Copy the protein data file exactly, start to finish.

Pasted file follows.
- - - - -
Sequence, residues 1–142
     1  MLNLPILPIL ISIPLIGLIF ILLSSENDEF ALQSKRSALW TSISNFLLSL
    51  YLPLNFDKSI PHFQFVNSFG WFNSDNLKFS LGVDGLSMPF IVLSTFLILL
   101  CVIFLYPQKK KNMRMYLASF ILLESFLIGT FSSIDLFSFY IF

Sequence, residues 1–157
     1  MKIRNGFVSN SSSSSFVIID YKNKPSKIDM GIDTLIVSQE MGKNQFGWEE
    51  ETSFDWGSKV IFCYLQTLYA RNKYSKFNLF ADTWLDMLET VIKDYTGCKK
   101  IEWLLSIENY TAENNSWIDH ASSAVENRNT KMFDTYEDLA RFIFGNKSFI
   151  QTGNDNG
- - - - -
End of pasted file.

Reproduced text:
Sequence, residues 1–142
     1  MLNLPILPIL ISIPLIGLIF ILLSSENDEF ALQSKRSALW TSISNFLLSL
    51  YLPLNFDKSI PHFQFVNSFG WFNSDNLKFS LGVDGLSMPF IVLSTFLILL
   101  CVIFLYPQKK KNMRMYLASF ILLESFLIGT FSSIDLFSFY IF

Sequence, residues 1–157
     1  MKIRNGFVSN SSSSSFVIID YKNKPSKIDM GIDTLIVSQE MGKNQFGWEE
    51  ETSFDWGSKV IFCYLQTLYA RNKYSKFNLF ADTWLDMLET VIKDYTGCKK
   101  IEWLLSIENY TAENNSWIDH ASSAVENRNT KMFDTYEDLA RFIFGNKSFI
   151  QTGNDNG